Hello, how are you?
Good, thanks. It’s been a busy few months. Am in the fortunate position to be working simultaneously on a variety of projects across the UK. Beside Bay Watch, I have a work opening as a part of the inaugural Look Again Visual Art & Design Festival in Aberdeen and have a two-year WW1 commission in Deal, Kent for the Dover Museums and Arts Group as a part of Codename: Joined Up.
What do you do?
With a background in architecture, my work is largely site-specific and frames a space to consider various forms of narrative around urban and environmental change. Through drawing, writing, film, curation, installation and performance my practice centres on strengthening the value of intangible landscapes.
What have you been doing recently?
The last few years have been epic, as conversations have become wonderfully complex and site-specific, making works in and around the modernist gem, Spanish City in Whitley Bay for the Shimmer Digital Arts Festival, across various situations in St Leonards near Hastings and with Underground Pearl as a part of the Canterbury Festival. Getting into the grit of how various heritage contexts breathe is a continued privilege and pleasure and offers a place to act in a time where funding and critically our view; our shared memories and attitudes to change are valued and confronted. Composing a new work, The Dance of the Neptune Plant for the Whitstable Biennale 2014 by building a film, poem and installation inside a post-war library lecture hall space was a particular highlight. Together with exhibiting an on-going text and image work, Dark Island for the Hackney Wick Takeover at the Victoria & Albert Museum, created a space to question the vitality of how we can negotiate live history and live with history.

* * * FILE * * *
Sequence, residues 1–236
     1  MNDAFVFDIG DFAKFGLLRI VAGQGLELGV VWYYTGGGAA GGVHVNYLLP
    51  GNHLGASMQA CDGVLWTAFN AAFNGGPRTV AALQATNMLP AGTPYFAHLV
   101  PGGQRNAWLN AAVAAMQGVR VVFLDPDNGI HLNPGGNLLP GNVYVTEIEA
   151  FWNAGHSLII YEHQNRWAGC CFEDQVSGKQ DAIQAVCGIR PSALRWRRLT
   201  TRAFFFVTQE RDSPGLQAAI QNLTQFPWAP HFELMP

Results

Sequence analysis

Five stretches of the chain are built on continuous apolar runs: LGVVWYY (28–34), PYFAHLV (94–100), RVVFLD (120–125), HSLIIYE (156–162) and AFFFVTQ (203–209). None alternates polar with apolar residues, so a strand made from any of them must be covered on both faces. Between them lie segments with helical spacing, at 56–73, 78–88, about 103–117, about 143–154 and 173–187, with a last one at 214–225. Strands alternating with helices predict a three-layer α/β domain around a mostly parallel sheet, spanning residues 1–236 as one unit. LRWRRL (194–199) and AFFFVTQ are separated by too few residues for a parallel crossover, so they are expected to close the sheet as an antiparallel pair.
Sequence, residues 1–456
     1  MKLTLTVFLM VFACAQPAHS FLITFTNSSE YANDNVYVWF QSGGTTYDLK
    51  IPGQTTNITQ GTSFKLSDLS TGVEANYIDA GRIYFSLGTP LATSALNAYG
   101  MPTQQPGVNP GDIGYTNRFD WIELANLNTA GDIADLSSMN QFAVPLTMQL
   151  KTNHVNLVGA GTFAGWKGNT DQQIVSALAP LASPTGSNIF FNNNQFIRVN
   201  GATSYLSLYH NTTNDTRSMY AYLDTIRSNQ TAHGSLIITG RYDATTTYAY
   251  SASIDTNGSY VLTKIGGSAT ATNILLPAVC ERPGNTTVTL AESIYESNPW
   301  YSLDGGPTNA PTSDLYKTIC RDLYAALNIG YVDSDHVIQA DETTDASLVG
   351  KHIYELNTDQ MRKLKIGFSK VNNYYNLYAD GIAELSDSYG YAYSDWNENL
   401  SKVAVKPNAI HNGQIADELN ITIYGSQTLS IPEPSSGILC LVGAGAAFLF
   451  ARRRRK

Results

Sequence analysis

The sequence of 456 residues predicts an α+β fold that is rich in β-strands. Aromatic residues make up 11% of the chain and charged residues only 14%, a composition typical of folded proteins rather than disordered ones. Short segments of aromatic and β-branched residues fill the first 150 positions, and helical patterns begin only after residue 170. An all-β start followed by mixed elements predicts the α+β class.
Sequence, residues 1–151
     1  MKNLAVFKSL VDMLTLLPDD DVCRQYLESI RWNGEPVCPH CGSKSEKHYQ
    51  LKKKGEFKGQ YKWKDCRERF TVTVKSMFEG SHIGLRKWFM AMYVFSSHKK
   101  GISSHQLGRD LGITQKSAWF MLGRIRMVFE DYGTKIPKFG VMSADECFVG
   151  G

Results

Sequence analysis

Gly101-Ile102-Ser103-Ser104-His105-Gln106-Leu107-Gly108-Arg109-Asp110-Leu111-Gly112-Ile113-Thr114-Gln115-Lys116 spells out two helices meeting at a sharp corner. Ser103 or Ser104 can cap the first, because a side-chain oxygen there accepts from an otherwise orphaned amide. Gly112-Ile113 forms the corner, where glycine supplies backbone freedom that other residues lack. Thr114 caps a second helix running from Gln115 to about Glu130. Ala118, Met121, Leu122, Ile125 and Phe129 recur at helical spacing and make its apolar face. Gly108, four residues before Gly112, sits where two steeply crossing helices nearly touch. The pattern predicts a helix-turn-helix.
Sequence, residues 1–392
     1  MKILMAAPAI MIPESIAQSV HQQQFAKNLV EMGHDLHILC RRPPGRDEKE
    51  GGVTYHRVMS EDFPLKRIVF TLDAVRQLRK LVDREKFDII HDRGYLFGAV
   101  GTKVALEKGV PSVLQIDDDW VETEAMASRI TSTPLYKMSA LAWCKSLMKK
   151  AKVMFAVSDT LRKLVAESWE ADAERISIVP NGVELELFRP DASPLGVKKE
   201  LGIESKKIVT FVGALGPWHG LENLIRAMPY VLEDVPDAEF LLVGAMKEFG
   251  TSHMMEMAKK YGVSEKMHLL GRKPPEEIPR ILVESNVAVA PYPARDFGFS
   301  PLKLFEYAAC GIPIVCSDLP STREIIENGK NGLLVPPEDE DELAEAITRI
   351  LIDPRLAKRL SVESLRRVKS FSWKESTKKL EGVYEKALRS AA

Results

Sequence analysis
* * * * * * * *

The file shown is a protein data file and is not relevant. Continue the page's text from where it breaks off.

What are you doing for Art Across the City in Swansea?
The work is the conclusion to around two-years of conversations, visits to Swansea Bay and an archival investigation into the life of the foreshore. Early visits, back in 2013, I was struck by the skies, the topography and the punctuation of civic architectures found along the promenade – notably the Slip Bridge. Investigating since with the patient help of the West-Glamorgan Archive Service, the narratives around the transformation of the foreshore are considerable and physically chart the city’s active relationship to the sea. For Art Across the City, the work, is an invitation to watch the bay and is a composition of encounters and framed opportunities to see this vital landscape through film, archive material, text, ice cream, talks and invitations.
What are your ideas behind the work?
Whenever we say “I’m from …” we expose our fragile relationship to space and time and importantly how our identity is inextricably tied to a place. So when and how this context shifts, it affects us personally and offers a space to reconcile our shared expression of each other’s memories. Working with Joe’s Ice Cream in the creation of the limited edition, Swansea Slip Bridge Summer Sundae, for me captures the spirit and intention of the work. As it combines thoughts around the history of a found recipe, it’s making and context, how it tastes and the transformation of the recipe to construct a sensitivity and shared awareness to the past, present and future – all in a passing moment. Through collated ephemera, archive material from the West-Glamorgan Archive Service and buildings the breadth and physicality of memories composite.
What do you think the public will make of it?
From the outset, the work was conceived as a composition of time and to positively expose the cycles and parts of a vital landscape. Reading recent articles in Wales Online, the foreshore is at an interesting point in time, with the near-completion of the renewed boulevard and the prospect of a reimagining of the Civic Centre – perhaps making the work timely, if time can be timely?